The .NET framework was released in 2000 by Microsoft. An open source implementation of the platform, Mono, was the center of controversy in the early 2000s because Microsoft held several patents for .NET technology and could have used those patents to end Mono implementations. Fortunately, in 2014, Microsoft declared that the .NET development platform would be open source under the MIT license from then on, and in 2016, Microsoft purchased Xamarin, the company that produces Mono.


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Linux commands to display your hardware information

Monday 16th of September 2019 07:01:00 AM

There are many reasons you might need to find out details about your computer hardware. For example, if you need help fixing something and post a plea in an online forum, people will immediately ask you for specifics about your computer. Or, if you want to upgrade your computer, you'll need to know what you have and what you can have. You need to interrogate your computer to discover its specifications.

The easiest way is to do that is with one of the standard Linux GUI programs:


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Constraint programming by example

Monday 16th of September 2019 07:00:00 AM

There are many different ways to solve problems in computing. You might "brute force" your way to a solution by calculating as many possibilities as you can, or you might take a procedural approach and carefully establish the known factors that influence the correct answer. In constraint programming, a problem is viewed as a series of limitations on what could possibly be a valid solution.


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Sandboxie's path to open source, update on the Pentagon's open source initiative, open source in Hollywood, and more

Sunday 15th of September 2019 07:30:00 PM

In this edition of our open source news roundup, Sandboxie's path to open source, update on the Pentagon's adoption of open source, open source in Hollywood, and more!


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Why the founder of Apache is all-in on blockchain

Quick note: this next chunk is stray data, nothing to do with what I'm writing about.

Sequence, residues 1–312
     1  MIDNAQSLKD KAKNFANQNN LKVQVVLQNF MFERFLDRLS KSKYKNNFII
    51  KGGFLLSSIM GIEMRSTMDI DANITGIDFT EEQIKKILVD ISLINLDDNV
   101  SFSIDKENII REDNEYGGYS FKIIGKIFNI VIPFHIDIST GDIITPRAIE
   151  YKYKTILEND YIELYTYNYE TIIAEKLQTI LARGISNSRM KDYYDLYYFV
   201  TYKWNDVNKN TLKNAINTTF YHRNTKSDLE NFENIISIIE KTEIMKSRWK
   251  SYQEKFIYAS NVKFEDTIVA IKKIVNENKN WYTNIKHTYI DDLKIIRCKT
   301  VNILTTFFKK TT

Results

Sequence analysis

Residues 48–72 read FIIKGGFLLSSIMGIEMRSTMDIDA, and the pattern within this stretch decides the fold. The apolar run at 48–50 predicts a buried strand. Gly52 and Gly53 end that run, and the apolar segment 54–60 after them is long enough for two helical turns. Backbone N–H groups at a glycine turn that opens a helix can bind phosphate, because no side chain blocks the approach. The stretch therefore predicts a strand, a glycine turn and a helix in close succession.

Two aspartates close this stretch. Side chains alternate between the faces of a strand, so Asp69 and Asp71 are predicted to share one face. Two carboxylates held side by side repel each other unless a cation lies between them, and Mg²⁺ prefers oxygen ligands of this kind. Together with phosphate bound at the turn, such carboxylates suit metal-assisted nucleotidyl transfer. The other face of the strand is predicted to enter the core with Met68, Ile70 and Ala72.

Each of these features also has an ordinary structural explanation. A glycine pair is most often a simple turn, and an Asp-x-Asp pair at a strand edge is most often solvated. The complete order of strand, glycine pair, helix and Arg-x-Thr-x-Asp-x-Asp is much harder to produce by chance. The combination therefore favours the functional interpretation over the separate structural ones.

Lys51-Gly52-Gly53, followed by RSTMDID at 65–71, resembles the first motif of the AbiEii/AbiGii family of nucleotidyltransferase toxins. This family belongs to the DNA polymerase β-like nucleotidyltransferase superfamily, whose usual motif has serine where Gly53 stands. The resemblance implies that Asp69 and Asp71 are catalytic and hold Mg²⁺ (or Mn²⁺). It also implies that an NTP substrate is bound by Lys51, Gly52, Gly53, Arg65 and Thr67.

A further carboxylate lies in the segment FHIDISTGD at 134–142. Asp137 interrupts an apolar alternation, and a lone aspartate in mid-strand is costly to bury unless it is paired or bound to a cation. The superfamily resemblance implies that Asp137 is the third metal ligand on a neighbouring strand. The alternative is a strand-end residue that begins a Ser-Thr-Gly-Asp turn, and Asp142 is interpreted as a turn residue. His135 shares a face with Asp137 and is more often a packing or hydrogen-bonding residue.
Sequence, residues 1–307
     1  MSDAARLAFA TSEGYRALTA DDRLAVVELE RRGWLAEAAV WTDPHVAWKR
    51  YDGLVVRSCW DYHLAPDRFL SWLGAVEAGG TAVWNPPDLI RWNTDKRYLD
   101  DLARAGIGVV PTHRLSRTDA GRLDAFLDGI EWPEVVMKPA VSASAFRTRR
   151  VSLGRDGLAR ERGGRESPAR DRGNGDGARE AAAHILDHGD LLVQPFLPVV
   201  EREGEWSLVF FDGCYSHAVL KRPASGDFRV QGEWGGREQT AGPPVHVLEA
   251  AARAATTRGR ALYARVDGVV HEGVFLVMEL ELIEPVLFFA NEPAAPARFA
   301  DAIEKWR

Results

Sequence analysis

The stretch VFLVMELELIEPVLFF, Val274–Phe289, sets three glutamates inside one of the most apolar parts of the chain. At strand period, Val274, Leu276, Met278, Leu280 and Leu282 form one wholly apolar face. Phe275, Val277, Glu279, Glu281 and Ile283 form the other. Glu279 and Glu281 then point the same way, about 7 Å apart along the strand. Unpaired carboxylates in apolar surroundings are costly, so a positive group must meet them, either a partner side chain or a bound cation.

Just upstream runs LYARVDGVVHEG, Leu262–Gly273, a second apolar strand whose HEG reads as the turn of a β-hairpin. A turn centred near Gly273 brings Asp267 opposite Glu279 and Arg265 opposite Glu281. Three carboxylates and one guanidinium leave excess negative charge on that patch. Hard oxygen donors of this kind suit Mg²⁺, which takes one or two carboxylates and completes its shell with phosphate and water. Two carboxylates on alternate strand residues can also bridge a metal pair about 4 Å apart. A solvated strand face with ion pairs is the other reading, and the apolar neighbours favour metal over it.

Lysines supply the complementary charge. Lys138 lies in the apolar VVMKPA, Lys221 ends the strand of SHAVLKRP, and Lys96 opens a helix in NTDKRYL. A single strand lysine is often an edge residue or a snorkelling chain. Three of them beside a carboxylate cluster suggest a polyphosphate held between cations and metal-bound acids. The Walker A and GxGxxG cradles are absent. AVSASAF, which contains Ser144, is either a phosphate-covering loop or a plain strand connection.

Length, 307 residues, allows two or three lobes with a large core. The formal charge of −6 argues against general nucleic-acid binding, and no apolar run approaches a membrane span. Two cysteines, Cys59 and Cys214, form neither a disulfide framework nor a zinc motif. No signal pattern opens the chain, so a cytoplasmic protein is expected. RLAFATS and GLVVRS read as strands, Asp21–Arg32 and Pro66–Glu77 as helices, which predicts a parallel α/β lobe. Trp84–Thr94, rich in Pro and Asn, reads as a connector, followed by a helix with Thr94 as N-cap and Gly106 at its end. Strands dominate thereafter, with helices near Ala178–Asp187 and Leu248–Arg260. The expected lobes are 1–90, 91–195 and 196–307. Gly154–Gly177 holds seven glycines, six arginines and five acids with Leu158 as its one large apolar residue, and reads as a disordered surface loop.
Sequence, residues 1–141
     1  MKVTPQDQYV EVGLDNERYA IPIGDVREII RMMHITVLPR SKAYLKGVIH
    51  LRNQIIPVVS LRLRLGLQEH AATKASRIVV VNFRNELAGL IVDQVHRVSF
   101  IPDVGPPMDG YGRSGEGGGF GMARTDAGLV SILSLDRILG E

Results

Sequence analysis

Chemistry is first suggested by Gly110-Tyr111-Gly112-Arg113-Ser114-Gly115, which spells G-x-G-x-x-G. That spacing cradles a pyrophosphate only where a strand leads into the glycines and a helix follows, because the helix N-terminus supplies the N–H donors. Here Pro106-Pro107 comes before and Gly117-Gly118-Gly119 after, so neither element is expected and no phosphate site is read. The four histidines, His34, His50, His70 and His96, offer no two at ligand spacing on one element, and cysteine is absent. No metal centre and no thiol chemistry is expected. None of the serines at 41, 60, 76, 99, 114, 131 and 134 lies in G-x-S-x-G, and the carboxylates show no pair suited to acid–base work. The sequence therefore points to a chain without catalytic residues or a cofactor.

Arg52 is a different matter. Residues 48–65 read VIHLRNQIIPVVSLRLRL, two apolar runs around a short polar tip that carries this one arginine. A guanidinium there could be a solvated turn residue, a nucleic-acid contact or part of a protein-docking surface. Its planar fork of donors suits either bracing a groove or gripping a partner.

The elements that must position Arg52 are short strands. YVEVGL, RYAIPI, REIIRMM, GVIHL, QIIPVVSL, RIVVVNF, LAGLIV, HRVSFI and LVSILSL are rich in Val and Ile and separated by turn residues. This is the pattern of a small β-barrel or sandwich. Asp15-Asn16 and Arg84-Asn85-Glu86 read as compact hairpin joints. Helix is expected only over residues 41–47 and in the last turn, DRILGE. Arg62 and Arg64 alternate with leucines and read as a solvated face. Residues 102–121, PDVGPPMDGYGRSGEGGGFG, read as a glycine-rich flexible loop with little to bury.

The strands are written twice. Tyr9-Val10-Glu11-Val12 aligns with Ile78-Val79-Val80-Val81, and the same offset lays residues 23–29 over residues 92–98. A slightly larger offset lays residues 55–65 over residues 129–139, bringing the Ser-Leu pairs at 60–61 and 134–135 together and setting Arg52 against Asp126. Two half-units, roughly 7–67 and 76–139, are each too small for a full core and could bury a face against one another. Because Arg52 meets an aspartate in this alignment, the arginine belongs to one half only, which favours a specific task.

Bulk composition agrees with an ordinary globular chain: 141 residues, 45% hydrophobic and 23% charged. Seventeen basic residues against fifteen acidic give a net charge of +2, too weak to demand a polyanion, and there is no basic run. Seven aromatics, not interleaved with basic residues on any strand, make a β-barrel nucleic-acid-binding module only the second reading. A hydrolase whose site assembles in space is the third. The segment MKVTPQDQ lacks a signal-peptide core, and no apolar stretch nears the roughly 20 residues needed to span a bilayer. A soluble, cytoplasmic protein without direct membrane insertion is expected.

Friday 13th of September 2019 07:02:00 AM

Brian Behlendorf is perhaps best known for being a co-founder of the Apache Project, which became the Apache Software Foundation. Today, he's the executive director of the Hyperledger Foundation, an organization focused on enterprise-grade, open source, distributed ledgers (better known as blockchains). He also says he "put the first ad banner online and have been apologizing ever since."


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An introduction to Virtual Machine Manager

Friday 13th of September 2019 07:01:00 AM

In my series about GNOME Boxes, I explained how Linux users can quickly spin up virtual machines on their desktop without much fuss. Boxes is ideal for creating virtual machines in a pinch when a simple configuration is all you need.


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What politics can teach us about open source

Friday 13th of September 2019 07:00:00 AM

Many sobering lessons from history emphasize democracy is not a finished product. The Roman Empire ended in a dictatorship, while the feudal Middle Ages delivered the Magna Carta and the Renaissance; despite the American Revolution, slavery continued for many years, while the French Revolution resulted in the restoration of the monarchy. That said, more people are living in democracies around the world today than at any time before, and living standards in democracies continue to improve.


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Join Open Jam 2019 to build open source indie games

Friday 13th of September 2019 07:00:00 AM

On September 27th, dozens of indie developers will come together virtually to develop video games using open source software. This date marks the third annual Open Jam, a three-day, 80-hour online game jam dedicated to indie developers building playful games and advancing the world of open source game development.

In preparation for Open Jam 2019, we wanted to share the story of Open Jams past and preview the exciting new things coming this year!


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How to fix common pitfalls with the Python ORM tool SQLAlchemy

Thursday 12th of September 2019 07:02:00 AM

Object-relational mapping (ORM) makes life easier for application developers, in no small part because it lets you interact with a database in a language you may know (such as Python) instead of raw SQL queries. SQLAlchemy is a Python ORM toolkit that provides access to SQL databases using Python. It is a mature ORM tool that adds the benefit of model relationships, a powerful query construction paradigm, easy serialization, and much more.